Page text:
What makes a product sell? What makes people identify with a certain brand? Why does a mother buy Coke over Pepsi without a conscious thought?
Surprisingly for some, the reasoning often has nothing to do with the product’s style, features, or pricing. Rather, success often lies in the ability of the product’s storyline to interest and engage key audiences.
Brand storytelling emotionally connects audiences with a product or service. A powerful narrative can transform just another coffee brand into an exhilarating morning experience, or a pair of running shoes into a source of strength and empowerment.
Take the story of the now household brand Febreze. As told in Charles Duhigg’s The Power of Habit, sales of Febreze originally flopped because P&G was using the wrong storyline to try to sell the product.
After nearly giving up on the odor eliminator, the company finally realized that they weren’t creating a narrative with which consumers could identify. They were packaging Febreze as a solution to bad smelling fabrics, but no one likes to think that their house smells unpleasant, even when it does.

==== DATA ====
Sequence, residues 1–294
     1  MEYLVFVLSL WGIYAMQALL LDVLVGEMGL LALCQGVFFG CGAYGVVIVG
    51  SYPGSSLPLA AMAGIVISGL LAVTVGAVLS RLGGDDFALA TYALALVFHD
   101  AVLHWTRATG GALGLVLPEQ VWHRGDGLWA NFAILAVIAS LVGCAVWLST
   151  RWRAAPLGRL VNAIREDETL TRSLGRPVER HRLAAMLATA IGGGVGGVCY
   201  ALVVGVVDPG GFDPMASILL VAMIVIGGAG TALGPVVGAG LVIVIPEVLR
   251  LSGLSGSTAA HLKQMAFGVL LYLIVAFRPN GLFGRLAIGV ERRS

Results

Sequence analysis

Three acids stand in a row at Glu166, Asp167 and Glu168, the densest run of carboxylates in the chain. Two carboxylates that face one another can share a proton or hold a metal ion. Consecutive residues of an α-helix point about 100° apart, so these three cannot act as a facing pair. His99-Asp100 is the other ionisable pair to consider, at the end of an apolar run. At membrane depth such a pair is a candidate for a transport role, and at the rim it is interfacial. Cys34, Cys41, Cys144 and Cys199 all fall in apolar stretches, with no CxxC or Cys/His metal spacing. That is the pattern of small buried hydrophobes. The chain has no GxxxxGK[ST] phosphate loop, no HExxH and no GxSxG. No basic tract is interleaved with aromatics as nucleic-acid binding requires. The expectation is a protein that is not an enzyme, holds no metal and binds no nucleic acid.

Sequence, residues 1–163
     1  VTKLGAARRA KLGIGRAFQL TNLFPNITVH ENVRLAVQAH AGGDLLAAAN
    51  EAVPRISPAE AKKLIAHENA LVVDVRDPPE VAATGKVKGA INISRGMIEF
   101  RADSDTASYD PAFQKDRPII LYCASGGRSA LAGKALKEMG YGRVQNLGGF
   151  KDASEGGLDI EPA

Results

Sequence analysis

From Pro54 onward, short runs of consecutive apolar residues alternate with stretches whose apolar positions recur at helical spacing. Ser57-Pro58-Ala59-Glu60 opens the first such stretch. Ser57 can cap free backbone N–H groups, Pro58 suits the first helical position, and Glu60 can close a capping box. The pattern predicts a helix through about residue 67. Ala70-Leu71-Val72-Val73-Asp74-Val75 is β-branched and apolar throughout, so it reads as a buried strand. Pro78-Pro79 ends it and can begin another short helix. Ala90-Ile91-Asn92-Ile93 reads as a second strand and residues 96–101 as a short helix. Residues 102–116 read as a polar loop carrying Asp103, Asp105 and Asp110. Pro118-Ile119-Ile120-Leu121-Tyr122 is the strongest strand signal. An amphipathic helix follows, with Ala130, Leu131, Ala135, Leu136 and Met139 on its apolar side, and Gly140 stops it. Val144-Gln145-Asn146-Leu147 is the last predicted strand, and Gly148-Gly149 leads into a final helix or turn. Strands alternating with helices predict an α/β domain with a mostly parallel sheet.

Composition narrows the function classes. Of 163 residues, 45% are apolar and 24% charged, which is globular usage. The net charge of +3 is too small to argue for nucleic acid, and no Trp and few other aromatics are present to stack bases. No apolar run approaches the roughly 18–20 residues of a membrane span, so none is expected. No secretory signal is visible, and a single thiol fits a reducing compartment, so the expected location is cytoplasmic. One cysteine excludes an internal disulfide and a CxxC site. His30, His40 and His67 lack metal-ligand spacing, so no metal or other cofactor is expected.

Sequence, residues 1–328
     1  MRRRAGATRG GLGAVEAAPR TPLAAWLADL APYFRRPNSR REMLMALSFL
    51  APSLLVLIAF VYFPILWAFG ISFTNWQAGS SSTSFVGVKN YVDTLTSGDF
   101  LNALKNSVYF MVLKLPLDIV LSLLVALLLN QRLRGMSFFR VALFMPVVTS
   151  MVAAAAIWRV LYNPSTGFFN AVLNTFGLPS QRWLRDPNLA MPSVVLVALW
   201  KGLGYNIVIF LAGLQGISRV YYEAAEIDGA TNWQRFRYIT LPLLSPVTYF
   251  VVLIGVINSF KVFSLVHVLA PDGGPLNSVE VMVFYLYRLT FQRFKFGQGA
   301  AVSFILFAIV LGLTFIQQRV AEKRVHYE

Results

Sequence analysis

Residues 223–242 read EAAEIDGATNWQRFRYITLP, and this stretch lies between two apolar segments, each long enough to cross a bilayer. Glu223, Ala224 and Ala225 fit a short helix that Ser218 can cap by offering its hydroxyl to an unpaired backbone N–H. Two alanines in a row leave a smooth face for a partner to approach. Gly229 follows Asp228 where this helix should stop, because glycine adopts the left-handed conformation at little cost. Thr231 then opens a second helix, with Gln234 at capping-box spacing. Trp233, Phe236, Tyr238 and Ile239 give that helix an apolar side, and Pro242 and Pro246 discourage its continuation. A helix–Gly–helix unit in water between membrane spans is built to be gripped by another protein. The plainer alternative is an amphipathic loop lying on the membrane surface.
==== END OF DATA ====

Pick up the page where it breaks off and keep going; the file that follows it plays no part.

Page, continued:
Following some insightful market research, P&G switched Febreze’s marketing strategy to a position the product as a pleasant reward at the end of your cleaning ritual and ran ads demonstrating its use as such. As Duhigg said, “Febreze, the ads implied, was a pleasant treat, not a reminder that your home stinks.”
By simply adjusting the storyline surrounding the product, sales doubled within two months and reached $230 million a year later.
This is just one of the many examples of the power of storytelling. Creating a powerful narrative that is infused throughout all your communications demonstrates consistency and builds trust with consumers. And if your storyline is really strong, it will take on a life and validity of its own, until shoppers are buying your product without a conscious thought.